* Where: Mocha, 511 Broad St.
* Phone: 423-531-4154.
* Website: www.mochajazz.net.
* Hours: 11 a.m.-3 p.m. Thursday-Friday (lunch); 5-11 p.m. Thursday, 5 p.m.-3 a.m. Friday-Saturday (dinner).
* Price range: $6 (fried green beans)-$25 (125th Street Steak).
* Alcohol: Midrange bar.
* Entertainment: Blues Monday, Talent Teen Tuesday, Wine Down Wednesday, Feel It Thursday, Smooth Jazz Friday, Soulful Saturday, Sunday Brunch.
It's not every day you pay $40 for a meal and get an unexpected side order of sex.
Not in the literal sense, which would probably be illegal, but rather in the form of soulful spoken verse accompanied by West African bongo drums and a jazz keyboard.
Such is the scene at Mocha, the new Scenic City restaurant and music lounge that boasts live jazz, great food and a generous helping of sensuous poetry and amorous melodies to aid your digestion.
Billed as a place where jazz meets soul, Mocha is a bit of a study in contradictions. It's a place where class meets crass.
The white tablecloths are lit both by the soft glow of candlelight and a wall-mounted television streaming TruTV. Impressionistic paintings of jazz icons hang across the room from giant advertisements for Southern Comfort liqueur. Diners have the option of using either cloth or paper napkins, or both.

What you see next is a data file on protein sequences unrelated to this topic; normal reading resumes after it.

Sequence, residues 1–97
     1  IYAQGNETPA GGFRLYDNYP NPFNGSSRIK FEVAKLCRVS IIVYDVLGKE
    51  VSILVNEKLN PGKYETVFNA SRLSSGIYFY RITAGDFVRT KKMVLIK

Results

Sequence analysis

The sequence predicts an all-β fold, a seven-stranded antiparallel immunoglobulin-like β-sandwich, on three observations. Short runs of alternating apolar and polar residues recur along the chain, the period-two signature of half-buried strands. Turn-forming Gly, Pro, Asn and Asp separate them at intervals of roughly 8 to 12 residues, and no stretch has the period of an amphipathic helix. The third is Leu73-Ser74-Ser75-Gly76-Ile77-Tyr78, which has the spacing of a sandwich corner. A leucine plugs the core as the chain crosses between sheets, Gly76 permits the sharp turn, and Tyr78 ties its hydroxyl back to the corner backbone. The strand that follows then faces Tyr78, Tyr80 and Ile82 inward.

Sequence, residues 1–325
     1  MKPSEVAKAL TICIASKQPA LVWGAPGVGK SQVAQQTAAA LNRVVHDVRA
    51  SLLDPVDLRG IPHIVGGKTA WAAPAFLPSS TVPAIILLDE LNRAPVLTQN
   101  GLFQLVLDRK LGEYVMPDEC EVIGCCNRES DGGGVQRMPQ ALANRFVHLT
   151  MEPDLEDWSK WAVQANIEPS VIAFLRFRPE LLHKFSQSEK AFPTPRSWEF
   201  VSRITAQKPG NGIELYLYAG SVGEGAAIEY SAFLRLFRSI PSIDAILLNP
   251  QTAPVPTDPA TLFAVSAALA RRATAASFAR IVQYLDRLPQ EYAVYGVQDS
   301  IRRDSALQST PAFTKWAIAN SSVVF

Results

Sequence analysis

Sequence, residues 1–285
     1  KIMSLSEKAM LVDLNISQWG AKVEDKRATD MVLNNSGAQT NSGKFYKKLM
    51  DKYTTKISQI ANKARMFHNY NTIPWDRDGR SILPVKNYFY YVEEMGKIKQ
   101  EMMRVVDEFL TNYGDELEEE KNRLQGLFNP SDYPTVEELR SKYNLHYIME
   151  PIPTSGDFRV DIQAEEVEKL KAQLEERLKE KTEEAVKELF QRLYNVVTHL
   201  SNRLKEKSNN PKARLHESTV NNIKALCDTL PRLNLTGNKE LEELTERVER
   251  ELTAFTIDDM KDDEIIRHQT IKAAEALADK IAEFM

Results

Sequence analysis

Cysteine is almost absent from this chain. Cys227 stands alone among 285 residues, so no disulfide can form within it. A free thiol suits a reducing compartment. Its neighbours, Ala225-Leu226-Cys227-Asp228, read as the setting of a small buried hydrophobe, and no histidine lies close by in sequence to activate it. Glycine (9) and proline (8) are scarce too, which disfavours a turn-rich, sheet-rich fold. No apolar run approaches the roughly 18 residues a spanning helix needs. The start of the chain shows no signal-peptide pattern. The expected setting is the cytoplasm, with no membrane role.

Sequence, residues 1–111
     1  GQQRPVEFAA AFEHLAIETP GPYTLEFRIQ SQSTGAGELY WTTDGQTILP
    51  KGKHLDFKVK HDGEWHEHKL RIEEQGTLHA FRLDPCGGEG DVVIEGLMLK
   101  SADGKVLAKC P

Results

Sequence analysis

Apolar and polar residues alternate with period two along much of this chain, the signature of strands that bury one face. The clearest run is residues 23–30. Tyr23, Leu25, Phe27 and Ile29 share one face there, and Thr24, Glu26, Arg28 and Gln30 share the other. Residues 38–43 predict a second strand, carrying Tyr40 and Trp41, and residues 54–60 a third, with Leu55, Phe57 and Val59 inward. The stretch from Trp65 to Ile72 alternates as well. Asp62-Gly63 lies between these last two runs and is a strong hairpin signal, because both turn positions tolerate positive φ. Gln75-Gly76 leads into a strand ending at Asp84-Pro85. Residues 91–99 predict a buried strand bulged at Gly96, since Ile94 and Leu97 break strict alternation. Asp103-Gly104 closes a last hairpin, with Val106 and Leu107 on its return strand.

The food arrived both on beautiful china and in plastic red baskets reminiscent of a fast-food restaurant.
Yet despite the uneven experience, Mocha is a place you desperately want to like. It's the only full-on jazz bar in the Chattanooga area, an experience that had been mostly lacking until Mocha opened last week. The food is satisfactory, if overpriced, and the atmosphere alone makes for a fascinating dining adventure.
The city needs a good jazz club, but Mocha will have to work to earn its spot among the many excellent soul-food options available in the city of Bessie Smith.
The menu is clever, but you're overpaying by a wide margin.